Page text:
Rating: 5 Stars
Genre: Mystery and Suspense
File Size: 1310 KB
In The Girl on the Train, Paula Hawkins masterfully lets the reader into the mind of three women. The protagonist, Rachel is an amnesiac drunk, apologizing for actions that she does not recall or own as her own. After returning from lunch inebriated, she loses her job. To keep face, she continues to ride the train to work. As she rides along, she fantasizes about the people who live in the homes on the road along the track. One day, she sees a woman kiss a man who is not her husband. When that woman is murdered, Rachel feels obligated to tell the police what she saw from the train.
Because of her drunkenness, Rachel’s husband Tom leaves her for Anna, the second woman whose POV provides glimpses into the reality on Blenheim Road, the street by the tracks. Anna is terrified of Rachel and her inability to leave Tom and his new family alone.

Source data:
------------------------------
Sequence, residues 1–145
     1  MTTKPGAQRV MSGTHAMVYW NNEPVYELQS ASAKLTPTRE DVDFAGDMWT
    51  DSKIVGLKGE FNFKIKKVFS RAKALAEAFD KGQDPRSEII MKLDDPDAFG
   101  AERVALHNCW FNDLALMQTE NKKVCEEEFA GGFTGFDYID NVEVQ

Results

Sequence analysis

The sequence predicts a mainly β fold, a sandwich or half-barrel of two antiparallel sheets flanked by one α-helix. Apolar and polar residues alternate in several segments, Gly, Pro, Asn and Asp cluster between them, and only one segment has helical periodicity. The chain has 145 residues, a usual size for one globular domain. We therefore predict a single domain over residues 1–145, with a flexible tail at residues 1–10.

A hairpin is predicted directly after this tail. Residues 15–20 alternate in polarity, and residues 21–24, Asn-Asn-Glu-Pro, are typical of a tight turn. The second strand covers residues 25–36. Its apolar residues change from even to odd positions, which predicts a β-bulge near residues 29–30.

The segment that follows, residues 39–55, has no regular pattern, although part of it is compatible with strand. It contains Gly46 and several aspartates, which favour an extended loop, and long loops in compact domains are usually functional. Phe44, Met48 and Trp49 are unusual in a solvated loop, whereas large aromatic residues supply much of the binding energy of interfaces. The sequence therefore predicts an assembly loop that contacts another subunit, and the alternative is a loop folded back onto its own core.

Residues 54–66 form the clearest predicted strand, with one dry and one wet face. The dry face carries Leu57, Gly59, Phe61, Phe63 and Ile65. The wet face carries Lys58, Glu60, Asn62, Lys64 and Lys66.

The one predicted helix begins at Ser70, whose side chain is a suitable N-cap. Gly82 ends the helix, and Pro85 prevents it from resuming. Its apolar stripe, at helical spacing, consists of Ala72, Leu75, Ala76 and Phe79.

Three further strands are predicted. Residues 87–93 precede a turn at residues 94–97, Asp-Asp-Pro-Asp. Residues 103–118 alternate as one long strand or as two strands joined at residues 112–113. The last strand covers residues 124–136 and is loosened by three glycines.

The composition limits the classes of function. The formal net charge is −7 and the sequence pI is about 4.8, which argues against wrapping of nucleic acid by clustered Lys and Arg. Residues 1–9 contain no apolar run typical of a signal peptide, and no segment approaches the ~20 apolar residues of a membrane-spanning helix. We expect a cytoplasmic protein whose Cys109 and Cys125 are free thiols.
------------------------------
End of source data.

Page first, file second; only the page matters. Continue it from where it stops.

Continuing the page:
Megan is the victim. In her story, she is unsatisfied with life, always wanting to move on.
This book deals with difficult themes: alcoholism, substance abuse blackouts, psychological and physical abuse, infidelity. and deceit. As Rachel tries to unravel the mystery about Megan’s murder, she must determine which of her memories are real or fantasized. There are a lot of red-herrings in the story.
I found the first couple of chapters boring, the ramblings of an alcoholic’s mind. As the story developed, I could not put the book down. I loved Ms. Hawkins prose and literary prowess as she weaved the lives of these three women into a gripping tale.